SCALING & ROOT PLANING

If your gums are swelling or bleeding, have sensitive or loose teeth, and bad breath that just won’t go away then you need a scaling and/or root planing session.

Scaling, otherwise known as deep cleaning, is the removal of dental plaque. After your meal, the bacteria in your mouth convert sugars and starches from the food you eat into acid. This acid, combined with remaining pieces of food and saliva forms a gooey layer called plaque. If this plaque is not brushed off, it will stick to your teeth and eventually turn into hard calculus with the help of minerals, liquids and protein in your saliva. The hard calculus will no longer be removable with a toothbrush. Fortunately, this is where we come in! With the use of dental equipment this calculus can be scaled off bringing your teeth back to its former glory. It is recommended to have a scaling session at least once a year.

Root planing as the name suggests, involves scaling at the root of the tooth. The tooth root is covered with a thin layer of bonelike connective tissue called cementum, which helps anchor the tooth to the jawbone with the help of the Periodontal Ligament. Root planing is possibly even more crucial than scaling because cementum being softer than enamel is more easily affected by plaque build-up and decay. If the decay does reach the cementum and eats through it, your gums will be compromised resulting in Gingivitis- a condition where your gums will become inflamed and possibly bleed. If left untreated, Gingivitis will develop into Periodontitis, which involves progressive loss of the alveolar bone around the teeth, leading to the loosening and subsequent loss of teeth.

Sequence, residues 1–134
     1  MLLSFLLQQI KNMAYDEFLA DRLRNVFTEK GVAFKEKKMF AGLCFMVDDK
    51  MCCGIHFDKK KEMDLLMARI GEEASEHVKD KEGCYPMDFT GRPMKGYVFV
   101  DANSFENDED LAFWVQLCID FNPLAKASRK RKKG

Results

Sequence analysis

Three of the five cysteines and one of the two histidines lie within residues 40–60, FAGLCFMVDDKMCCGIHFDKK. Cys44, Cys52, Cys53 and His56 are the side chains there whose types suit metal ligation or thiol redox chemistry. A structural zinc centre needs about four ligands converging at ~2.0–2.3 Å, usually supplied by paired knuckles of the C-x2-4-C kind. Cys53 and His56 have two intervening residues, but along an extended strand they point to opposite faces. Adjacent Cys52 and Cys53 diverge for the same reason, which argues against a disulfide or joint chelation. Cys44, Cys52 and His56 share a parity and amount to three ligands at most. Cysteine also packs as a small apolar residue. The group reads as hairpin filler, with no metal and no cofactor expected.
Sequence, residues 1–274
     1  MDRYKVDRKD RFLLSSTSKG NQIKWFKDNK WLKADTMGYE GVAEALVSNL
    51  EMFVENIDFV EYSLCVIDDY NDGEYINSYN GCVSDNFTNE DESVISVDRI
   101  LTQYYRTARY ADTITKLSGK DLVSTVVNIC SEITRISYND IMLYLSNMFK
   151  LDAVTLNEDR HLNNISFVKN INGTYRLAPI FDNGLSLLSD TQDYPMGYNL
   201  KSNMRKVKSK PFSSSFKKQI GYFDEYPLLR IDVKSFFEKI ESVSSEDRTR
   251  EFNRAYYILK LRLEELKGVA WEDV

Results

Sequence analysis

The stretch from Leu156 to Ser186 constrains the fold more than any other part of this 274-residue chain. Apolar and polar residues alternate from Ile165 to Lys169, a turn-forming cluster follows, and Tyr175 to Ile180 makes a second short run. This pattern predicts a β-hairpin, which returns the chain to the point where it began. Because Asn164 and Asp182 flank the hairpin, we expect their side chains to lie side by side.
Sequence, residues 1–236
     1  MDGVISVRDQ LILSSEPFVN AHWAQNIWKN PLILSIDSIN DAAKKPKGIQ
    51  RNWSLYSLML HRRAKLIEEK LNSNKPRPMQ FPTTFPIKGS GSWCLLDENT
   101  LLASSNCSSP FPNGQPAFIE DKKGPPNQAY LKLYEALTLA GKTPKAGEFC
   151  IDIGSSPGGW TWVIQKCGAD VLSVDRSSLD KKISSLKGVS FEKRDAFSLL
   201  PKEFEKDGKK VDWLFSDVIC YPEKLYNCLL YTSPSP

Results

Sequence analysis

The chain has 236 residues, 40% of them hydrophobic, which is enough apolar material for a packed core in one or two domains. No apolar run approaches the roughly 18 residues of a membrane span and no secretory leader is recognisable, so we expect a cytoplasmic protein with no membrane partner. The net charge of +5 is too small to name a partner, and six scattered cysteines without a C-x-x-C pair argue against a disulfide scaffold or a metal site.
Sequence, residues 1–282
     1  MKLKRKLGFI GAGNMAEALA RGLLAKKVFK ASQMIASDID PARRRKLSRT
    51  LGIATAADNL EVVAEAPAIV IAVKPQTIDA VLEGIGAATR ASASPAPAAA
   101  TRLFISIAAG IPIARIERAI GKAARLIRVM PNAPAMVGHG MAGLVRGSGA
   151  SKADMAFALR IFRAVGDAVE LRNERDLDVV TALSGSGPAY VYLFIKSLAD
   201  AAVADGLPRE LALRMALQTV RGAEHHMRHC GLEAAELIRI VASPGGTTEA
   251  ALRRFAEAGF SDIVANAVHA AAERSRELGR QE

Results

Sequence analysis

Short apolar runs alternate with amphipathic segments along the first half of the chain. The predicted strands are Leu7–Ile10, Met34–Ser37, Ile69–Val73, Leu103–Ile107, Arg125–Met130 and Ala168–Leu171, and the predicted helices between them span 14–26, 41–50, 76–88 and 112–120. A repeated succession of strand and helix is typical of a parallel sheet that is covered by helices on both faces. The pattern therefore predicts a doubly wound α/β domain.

Research has shown that gum inflammation causing bacteria do not only affect your gums but can actually also travel to other areas throughout your body. These areas include your coronary arteries, the arteries that transport blood in and out of the heart. This could possibly lead to heart disease, stroke, pregnancy problems and many more severe problems especially in patients with a low level of immunity. This has shed light on the importance of the early detection and treatment of periodontal disease and the significance of root planning.

 

How it’s done

In order to scale and clean your roots our skilled dentists will gently ‘scrape’ off any plaque with an ultrasonic tool or chisel. They may also place antibiotic fibers into the pockets between your teeth and gums. The antibiotic will help speed healing and prevent infection. These fibers will be removed the following week.